Even if that design is presented in the state coat of arms today as the “oldest known Croatian coat of arms”, its genesis and application in the heraldic practices as a decorative (unofficial), and afterwards official land symbol, is much more complicated that it appears, including several phases: from a general symbol of a failed attempt of anti-Ottoman Reconquista of the Balkans around 1600 to a short-lived national symbol during the Illyrian movement in the middle of the 19th century. Finally, the envisaged historical symbol of idealized “Illyria”, through several transformations, survived all historical changes and (dubiously) took the initial spot of the stylized “crown” of the Republic of Croatia coat of arms.
The second part chapters cover topics of reattribution in territorial meaning in various periods of the hand symbol wielding an Orientalized scimitar, in particular in the early Modern Age: from the Habsburg arms of pretense of Bosnia, over the arms of Littoral and Chumlia in domestic sources (including its possible derivation in a second variant of the Chumila emblem to the latter arms of Herzegovina) to the region of Rama. It is a coat of arms that was even attributed to Croatia, Dalmatia and particularly Slavonia at various points during the 16th century, but also to the Makarska coats and Hlivno – Livno. Following an extensive study of coats of arms used in Dubrovnik and its Republic, and deliberation on possible symbolism behind the formation of the arms of Istria, the monograph concludes with the phenomenon of merging of the arms of three kingdoms (Croatia, Dalmatia and Slavonia) and the proto-national heraldry immediately preceding the great anti-Ottoman liberation wars in the 17th century.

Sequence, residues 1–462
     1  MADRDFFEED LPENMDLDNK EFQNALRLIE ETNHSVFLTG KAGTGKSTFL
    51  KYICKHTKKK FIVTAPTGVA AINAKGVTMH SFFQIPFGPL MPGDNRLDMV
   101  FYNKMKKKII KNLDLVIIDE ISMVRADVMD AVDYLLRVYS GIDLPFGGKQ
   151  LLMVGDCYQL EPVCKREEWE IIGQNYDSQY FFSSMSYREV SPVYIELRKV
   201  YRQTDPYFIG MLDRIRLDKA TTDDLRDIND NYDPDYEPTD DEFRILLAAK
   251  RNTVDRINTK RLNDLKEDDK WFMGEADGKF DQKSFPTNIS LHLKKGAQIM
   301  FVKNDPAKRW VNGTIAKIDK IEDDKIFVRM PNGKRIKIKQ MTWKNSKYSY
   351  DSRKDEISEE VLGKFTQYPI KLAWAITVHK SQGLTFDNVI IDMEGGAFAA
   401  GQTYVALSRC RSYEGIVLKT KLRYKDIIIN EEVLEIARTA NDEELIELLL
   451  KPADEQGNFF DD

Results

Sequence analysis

Authors: Mate Božić and Stjepan Ćosić
Title: Hrvatski grbovi – geneza, simbolika, povijest
(in English: Croatian Coats of Arms – Genesis, Symbolism, History)
ISBN: 978-953-59163-2-1 (HGZD), 978-953-56659-6-0 (Meleagrina)
Publishers: Hrvatska sveučilišna naklada, Filozofski fakultet Sveučilišta u Zagrebu, Institut društvenih znanosti „Ivo Pilar“
Mjesto i godina: Zagreb, 2021.
ISBN: 978-953-169-408-7 (HSN), 978-953-175-910-6 (FFZg), 978-953-7964-92-4 (Pilar)
Number of pages: 239
Dimensions: 20.5 cm × 26.5 cm (8″×10.5″)
Price: 280 HRK (~37 €)